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Hahn Calls for U.S. Funds to Shore Up Waterfront Security

The mayor responds to an investigation by ABC News in which it smuggled uranium into Los Angeles Harbor on a ship from Indonesia.

September 12, 2003|Deborah Schoch | Times Staff Writer

An ABC News investigation of port security practices in Los Angeles and overseas created a stir even before it aired Thursday night, as some elected officials called for more stringent searches of incoming cargo.

Mayor James K. Hahn called on Washington to provide more money to shore up security at the ports of Los Angeles and Long Beach, the nation's busiest container seaports. "This incident makes it abundantly clear that the Los Angeles-Long Beach port complex needs a dramatic infusion of funding and support from the federal government," Hahn said in a statement.

The story is the latest wrinkle in ongoing talks about how to prevent terrorists from shipping bombs and other weapons through the nation's seaports -- a task made even more difficult because most modern cargo is shipped in large metal containers. Three million containers enter the country annually through the ports of Los Angeles and Long Beach. Only an estimated 2% to 4% of those containers are opened and searched by hand, but federal officials say that measures set in place since 9/11 have made hand searches of all containers unnecessary.

The ABC story, featured on "Prime Time Thursday," showed how security safeguards at the Port of Los Angeles failed to detect a suitcase containing depleted uranium that ABC News had shipped in a container from Jakarta, Indonesia.

The ABC piece called the failure a noteworthy security breach, but federal security officials said depleted uranium is harmless and is not a valid substitute for weapons-grade uranium. The container arrived in Los Angeles on Aug. 23, and while inspectors used an X-ray scanner to survey its contents, neither the scanner nor radiation pagers detected the depleted uranium. Nor did inspectors open and search its contents.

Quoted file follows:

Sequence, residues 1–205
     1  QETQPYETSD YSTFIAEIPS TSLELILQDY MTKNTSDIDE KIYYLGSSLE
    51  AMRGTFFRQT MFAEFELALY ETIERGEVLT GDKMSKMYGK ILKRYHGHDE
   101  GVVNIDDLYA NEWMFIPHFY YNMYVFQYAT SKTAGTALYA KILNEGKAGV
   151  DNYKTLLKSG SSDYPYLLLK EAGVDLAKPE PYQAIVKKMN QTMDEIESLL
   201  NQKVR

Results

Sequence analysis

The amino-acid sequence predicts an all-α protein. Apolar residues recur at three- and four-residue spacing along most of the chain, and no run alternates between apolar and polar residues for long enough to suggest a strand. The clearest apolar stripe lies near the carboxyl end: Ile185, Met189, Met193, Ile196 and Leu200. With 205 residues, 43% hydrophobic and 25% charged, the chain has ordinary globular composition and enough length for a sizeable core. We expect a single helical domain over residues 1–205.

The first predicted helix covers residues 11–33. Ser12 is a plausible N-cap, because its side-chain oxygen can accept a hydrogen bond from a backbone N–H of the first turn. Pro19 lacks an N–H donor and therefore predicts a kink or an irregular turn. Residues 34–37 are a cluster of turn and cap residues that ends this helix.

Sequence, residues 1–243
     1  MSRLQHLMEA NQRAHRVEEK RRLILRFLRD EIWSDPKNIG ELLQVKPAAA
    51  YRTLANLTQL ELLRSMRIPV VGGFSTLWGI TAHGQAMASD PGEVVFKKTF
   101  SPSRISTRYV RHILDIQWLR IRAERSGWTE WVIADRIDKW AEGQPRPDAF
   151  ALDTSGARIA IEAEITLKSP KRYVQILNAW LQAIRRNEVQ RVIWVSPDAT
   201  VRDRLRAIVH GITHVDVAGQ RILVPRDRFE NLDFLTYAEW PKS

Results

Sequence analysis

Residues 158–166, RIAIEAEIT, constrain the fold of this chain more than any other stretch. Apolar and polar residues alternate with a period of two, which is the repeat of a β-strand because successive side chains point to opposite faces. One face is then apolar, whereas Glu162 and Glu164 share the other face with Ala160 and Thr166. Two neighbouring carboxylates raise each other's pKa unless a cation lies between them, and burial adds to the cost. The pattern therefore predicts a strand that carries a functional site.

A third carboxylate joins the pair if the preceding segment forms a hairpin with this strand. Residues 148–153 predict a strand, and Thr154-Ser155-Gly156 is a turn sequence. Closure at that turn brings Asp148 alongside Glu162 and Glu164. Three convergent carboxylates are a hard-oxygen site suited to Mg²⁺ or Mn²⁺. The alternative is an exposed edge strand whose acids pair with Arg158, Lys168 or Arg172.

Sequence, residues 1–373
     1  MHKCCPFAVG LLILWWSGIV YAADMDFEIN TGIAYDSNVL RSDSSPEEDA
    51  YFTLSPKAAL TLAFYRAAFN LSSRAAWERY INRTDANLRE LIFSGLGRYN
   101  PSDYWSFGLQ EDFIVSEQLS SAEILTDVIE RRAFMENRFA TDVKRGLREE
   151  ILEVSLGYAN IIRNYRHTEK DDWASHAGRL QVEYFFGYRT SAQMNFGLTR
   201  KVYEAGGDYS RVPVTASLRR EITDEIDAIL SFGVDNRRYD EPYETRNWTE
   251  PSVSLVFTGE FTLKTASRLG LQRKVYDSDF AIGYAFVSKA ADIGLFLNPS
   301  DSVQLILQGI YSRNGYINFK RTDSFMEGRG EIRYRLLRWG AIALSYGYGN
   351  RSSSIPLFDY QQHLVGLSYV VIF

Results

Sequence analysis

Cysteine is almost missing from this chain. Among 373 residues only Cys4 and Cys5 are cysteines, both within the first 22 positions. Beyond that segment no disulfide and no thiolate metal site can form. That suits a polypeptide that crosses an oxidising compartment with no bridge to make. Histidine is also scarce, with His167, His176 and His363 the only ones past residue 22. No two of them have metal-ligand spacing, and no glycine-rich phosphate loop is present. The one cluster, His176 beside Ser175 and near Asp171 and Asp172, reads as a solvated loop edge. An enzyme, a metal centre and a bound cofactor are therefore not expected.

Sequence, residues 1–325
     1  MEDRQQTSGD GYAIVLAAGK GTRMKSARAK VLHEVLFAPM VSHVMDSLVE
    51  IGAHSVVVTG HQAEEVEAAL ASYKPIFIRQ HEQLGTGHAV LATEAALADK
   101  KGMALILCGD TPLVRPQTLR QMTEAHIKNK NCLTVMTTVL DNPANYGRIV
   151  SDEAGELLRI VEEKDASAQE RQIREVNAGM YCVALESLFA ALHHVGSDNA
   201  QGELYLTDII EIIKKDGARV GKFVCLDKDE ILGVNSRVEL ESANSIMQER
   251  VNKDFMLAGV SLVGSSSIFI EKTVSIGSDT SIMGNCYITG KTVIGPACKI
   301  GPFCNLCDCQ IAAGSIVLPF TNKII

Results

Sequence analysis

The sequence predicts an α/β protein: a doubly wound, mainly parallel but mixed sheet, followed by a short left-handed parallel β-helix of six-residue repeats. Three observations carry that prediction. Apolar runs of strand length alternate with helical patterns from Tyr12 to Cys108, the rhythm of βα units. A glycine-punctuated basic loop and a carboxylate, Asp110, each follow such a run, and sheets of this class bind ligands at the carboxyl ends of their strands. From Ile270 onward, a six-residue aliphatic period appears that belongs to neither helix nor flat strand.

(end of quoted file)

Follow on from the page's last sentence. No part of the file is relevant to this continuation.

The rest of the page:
Some federal officials sharply criticized ABC News, saying the network might have committed a crime by not declaring that the shipment contained uranium.

In response, ABC released a letter to President Bush from U.S. Sen. Barbara Boxer (D-Calif.), a member of the Senate Commerce Committee. Picking up on media reports that ABC could be the subject of a Department of Justice prosecution, Boxer wrote: "Instead of having your attorney general investigate those who exposed the problem, our limited resources would be better spent actually trying to solve the problem."

Homeland Security Department spokesman Dennis Murphy pointed out that port inspectors had targeted the container for X-ray scanning, a process reserved for a fraction of containers that catch the attention of security officials.

"If we never touched this container, and let it come straight through, without doing anything with it, then I think we would have failed," he said.

But ABC News spokesman Jeffrey Schneider countered that the container still had cleared port security systems with the depleted uranium undetected.

"What the test showed is that, at a port in Jakarta, without much effort, you can get someone to fill a container with anything you want, send it halfway around the world, and it clears customs," he said.

The federal government has dramatically stepped up security measures at seaports nationwide since 9/11, and has installed a series of new hurdles overseas to prevent hazardous cargo from arriving in the United States. For instance, manifests listing the contents of containers must be submitted to federal officials 24 hours before those containers are loaded onto ships.

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